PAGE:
I learned earlier this week that a woman who played a significant role in inspiring this journey passed away last Sunday. Sitting at an open air restaurant in Ubud, I opened my iPhone for a quick peek and saw the words “Our lovely lovely Lisa” in the title of an email from my friend Debra and I knew. And tears rolled down my face. And I told my friend I wanted to go home. And we walked slowly along the dark, curving road and I looked up at the nearly full moon and I thought of Lisa, knowing she would never see such a sight again. And I stood still and I just sobbed.
I decided to take this journey for a number of reasons – but chief among them was my five-year “all’s clear” milestone last May. Knowing that five years sans cancer is a kind of big deal – and taking the “life is short” mantra at face value – I started planning. And my resolve to do this crazy thing was strengthened when I was reminded that not everyone beats this breast cancer stuff. That it can come back. Like it did for Lisa.
So for the last week as I’ve journeyed through the mountains and narrow lanes and rice paddies scattered around Bali – she has been on my mind. And until now I did not know how to write about her passing. I just knew that I wanted to. Because I will miss her and she has been with me, in spirit, throughout this journey. I told our friend Debra how very much she inspired me. And Debra kindly wrote back that my stories inspired Lisa as well.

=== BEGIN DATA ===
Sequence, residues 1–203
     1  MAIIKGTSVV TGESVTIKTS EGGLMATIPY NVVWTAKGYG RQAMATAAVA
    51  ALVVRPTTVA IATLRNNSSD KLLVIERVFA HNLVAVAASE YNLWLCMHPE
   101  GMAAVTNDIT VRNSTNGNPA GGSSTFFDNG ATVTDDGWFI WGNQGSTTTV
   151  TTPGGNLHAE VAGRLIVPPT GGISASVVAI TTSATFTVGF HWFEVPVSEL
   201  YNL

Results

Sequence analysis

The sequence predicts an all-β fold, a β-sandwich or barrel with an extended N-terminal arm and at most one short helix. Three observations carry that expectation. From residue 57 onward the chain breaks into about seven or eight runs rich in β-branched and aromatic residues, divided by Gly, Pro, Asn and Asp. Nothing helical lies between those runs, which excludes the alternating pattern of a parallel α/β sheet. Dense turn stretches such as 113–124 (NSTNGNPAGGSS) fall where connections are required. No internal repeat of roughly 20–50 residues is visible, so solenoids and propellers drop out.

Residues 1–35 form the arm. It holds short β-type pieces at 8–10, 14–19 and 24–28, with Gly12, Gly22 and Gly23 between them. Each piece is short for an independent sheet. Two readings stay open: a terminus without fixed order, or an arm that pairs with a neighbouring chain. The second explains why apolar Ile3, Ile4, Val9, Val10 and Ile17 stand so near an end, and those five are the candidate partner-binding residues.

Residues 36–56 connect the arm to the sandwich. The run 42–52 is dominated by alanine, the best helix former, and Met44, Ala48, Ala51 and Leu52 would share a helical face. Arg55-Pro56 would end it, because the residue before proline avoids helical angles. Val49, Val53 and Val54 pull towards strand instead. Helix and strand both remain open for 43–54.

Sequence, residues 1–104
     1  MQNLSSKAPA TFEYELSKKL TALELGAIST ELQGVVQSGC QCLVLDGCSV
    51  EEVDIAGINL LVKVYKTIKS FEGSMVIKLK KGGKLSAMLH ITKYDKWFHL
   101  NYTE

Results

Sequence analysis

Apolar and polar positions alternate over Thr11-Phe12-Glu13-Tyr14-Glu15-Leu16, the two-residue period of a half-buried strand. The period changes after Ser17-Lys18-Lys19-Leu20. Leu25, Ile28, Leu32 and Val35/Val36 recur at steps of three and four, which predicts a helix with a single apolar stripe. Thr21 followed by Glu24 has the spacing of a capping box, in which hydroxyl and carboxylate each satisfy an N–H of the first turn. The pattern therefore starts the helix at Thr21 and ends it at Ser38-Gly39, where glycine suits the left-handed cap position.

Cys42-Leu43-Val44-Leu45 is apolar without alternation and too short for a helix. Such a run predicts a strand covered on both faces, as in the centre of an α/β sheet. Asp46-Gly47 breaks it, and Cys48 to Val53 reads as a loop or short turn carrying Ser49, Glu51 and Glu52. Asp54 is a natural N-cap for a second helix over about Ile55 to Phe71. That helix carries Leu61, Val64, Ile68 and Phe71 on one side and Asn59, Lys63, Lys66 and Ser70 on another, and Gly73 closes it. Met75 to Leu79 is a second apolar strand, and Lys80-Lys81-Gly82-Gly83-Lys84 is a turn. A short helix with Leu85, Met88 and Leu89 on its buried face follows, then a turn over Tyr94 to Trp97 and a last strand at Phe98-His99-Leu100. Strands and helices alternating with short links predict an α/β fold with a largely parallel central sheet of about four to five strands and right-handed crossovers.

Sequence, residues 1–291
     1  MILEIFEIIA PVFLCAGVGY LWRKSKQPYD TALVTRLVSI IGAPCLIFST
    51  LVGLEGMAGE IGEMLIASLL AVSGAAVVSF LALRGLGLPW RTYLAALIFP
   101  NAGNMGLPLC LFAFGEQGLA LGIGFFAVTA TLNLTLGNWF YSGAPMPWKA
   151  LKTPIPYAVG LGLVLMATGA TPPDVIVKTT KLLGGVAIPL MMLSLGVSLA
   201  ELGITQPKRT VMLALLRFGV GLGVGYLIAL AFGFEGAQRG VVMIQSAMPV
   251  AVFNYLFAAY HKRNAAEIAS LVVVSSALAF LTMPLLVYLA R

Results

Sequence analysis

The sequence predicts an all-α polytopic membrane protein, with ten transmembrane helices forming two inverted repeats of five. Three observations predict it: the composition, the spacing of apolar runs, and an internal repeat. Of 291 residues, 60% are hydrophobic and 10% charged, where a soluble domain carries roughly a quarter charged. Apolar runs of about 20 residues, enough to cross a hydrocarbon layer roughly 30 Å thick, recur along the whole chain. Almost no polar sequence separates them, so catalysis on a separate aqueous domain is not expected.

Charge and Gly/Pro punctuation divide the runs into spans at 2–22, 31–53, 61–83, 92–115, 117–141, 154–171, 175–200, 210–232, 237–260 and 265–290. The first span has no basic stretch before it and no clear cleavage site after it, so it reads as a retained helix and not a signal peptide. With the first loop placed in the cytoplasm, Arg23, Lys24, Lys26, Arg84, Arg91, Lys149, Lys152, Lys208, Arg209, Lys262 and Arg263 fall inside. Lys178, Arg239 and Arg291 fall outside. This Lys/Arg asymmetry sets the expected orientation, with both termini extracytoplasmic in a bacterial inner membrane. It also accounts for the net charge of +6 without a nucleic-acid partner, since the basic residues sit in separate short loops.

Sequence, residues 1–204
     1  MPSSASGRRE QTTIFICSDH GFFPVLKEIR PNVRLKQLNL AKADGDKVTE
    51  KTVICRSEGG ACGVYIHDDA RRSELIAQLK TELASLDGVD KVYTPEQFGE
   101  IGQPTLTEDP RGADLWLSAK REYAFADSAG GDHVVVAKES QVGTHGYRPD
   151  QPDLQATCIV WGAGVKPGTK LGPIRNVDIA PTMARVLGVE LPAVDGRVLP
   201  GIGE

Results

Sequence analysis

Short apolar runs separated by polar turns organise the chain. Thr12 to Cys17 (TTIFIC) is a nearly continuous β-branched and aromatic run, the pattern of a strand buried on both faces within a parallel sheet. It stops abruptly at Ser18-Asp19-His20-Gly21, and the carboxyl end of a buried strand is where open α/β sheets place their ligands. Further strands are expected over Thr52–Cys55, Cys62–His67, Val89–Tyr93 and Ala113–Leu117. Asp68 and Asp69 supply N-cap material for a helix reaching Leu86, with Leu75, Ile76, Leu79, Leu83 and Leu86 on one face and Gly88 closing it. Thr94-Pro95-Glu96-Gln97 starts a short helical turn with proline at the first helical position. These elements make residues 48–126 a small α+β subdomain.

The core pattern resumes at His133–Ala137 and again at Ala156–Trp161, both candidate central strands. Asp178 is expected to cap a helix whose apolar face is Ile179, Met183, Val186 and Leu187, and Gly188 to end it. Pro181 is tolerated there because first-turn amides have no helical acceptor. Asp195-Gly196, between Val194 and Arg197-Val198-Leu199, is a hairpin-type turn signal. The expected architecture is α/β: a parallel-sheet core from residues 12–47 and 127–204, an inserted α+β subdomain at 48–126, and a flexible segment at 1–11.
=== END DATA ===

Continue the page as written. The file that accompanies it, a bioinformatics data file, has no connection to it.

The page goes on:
And up until an hour ago I simply could not find the words around all of this. Because I had been trying to make SENSE of it all. The grief that has laced these last few days – coexisting somehow with the sheer joy I’ve felt upon seeing such exquisite beauty. Laughing wildly one minute with my dear friend Elizabeth and in the next, sitting at a Hindu temple, my feet dangling in the water, my eyes dripping tears. It all seemed so incongruous.
And what I have come to realize is that life just plain doesn’t make sense. It’s not neat and tidy – despite how very much I’ve always wanted it to be. Life is nonlinear and messy. Grief and joy can share the stage.
For whatever reason, I didn’t really grasp this concept until now. And I just exhaled deeply with gratitude that I am finally getting it. There is still a lot I don’t understand about this world. None of us ever really truly “gets it” I suppose. But some aspects are starting to become a little more clear.
Before I had this “aha moment” I was gazing at the ocean, listening to the ending of the audio version of the book “All The Light We Cannot See.” The narrator read the last few words, including the phrase “someone…falls out of the world…” And these beautiful words – they seem appropriate for Lisa. She has fallen out of our world. And as I type this I feel like the ocean is collecting in the back of my head, a saline taste gathering in my nose and leaking out my eyes. For in this moment … I am sad. Despite the magnificent view in front of me.